The understatement of the last two lines suggests that she accepts her protected situation as a natural aspect of her life. But it is also a representation of the emotions of the poetess. The poetess begins with the summer which passes away like her grief. Conclusion: Emily Dickinson portrays her emotions and struggles quite well in the poem. The striking thing about this poem is Emily Dickinson's use of three and five syllable words in certain lines, which alters rhythm and sound, so breaking the iambic beat from time to time. The second stanza tells us that this winter light inflicts a spiritual wound, and the third stanza explains that this suffering cannot be taught, given consolation, or even explanation.
Only the first two lines, however, present the physical occurrence. The details of the scene are presented in a series of vigorous personifications and metaphors. In the last stanza, the observer takes delight in a close-up thing, the queenly appearance of fence posts, and then, in a tone of combined relief and wonder, the poem suggests that the lovely winter scene has really had no external source, but has simply arrived by a kind of inner or outer miracle. Birds putting up bars to nests humanizes their actions and parallels the behavior of people. And Nature is here personified, a female, isolated, even lonely, in the company of the afternoon. The third and fourth stanzas show nature at home with itself, suggested by the grass's and the sedge's familiarity with wells and with the sea.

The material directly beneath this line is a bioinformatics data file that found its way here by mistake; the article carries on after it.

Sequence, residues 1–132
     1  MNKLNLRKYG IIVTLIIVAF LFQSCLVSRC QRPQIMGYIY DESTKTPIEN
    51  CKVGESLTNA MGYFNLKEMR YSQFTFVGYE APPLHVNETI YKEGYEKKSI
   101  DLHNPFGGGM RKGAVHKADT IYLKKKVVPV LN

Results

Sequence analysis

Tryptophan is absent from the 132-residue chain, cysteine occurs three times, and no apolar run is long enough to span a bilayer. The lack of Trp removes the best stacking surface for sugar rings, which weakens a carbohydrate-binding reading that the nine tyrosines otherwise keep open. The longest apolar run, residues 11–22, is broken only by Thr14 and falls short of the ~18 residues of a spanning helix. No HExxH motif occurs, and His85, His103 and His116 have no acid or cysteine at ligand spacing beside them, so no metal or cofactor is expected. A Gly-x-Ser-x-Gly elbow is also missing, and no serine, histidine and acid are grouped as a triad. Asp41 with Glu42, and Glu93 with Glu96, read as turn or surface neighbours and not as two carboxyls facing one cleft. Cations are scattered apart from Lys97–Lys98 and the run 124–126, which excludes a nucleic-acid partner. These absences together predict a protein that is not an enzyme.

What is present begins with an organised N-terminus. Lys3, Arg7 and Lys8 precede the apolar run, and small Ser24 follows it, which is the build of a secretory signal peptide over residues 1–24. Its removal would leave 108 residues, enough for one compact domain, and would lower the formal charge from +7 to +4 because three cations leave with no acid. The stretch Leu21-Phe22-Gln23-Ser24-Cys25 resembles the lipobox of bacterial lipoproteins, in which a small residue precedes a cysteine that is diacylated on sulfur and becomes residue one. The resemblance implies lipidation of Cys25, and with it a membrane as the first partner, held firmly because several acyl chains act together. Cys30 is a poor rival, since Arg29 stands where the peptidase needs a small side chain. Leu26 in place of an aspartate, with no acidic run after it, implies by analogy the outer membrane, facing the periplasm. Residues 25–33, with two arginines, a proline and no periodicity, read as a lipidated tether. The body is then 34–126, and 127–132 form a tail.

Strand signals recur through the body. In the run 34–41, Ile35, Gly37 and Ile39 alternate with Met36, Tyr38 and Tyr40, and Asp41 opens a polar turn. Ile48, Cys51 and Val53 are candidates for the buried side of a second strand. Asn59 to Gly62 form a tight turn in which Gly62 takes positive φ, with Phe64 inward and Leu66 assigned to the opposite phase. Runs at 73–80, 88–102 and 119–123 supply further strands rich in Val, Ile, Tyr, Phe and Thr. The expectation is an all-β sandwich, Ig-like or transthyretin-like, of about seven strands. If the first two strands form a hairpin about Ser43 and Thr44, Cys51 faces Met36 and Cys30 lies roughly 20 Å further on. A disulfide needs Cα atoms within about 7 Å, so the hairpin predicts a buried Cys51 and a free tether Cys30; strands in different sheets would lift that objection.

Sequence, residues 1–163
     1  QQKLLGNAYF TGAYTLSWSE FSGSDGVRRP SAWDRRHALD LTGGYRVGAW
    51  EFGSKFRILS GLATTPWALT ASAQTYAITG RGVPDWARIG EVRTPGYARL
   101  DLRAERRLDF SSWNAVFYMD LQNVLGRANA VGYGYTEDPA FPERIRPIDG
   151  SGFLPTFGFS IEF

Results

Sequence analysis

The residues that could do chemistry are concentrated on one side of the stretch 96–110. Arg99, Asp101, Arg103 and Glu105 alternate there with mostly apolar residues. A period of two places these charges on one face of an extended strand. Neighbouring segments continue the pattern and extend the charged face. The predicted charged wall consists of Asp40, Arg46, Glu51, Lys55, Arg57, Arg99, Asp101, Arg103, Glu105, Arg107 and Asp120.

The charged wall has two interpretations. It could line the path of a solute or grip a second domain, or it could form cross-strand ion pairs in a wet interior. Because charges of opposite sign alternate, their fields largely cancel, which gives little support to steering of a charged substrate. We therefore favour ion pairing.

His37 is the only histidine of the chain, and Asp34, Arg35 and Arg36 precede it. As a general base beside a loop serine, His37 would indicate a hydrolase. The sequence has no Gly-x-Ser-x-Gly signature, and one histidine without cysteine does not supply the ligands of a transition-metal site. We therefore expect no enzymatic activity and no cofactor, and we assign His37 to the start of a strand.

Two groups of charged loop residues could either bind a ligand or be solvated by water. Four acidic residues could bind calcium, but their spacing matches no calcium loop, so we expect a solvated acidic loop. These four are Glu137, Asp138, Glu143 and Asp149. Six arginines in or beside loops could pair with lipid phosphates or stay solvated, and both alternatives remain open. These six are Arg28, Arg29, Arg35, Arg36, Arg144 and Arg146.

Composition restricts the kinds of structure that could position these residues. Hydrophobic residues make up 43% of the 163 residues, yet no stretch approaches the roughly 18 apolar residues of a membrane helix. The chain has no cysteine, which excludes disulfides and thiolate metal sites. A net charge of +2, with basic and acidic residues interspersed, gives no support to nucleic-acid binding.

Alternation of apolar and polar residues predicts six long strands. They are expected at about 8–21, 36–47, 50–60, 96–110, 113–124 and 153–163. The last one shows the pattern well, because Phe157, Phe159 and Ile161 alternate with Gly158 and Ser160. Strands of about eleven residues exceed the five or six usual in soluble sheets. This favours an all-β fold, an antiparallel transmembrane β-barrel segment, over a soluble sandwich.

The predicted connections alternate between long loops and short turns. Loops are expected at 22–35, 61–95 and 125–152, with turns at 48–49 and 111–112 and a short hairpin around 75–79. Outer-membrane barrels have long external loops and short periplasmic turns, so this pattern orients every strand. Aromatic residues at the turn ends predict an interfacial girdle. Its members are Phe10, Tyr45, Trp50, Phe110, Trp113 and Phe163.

Dickinson is also a nature poet in her own right. She died in 1886, aged 55. Here, she is probably thinking of herself as a boy to stress her desire for the freedom of movement which her society denied to girls. However, there seems to be ambivalence in her attitude; her vivid and carefully accurate, though fanciful, observation of the snake implies some admiration for the beauty and wonderful agility of the strange animal. The second and third lines begin a description of a transitional period, and their claim that the speaker felt no betrayal shows that she has had to struggle against such a feeling. Surprise is continued by the snake's proceeding in a similarly semi-magical way.
The last stanza returns to the physical world but assigns to its personified landscape the feelings of a person who is observing such a scene. The descriptions of nature are not merely a poetic device to invoke nature, but they also convey the state of mind that the poet is in at the time of writing this piece. The crickets are pathetic in the spectator's eyes because they are small and doomed, unlike the birds who will winter over or go south. But it now takes on a shade of resignation. This poem can be said to be an emotional response to the departure of either of the three known men, for whom Dickinson had an unrequited love.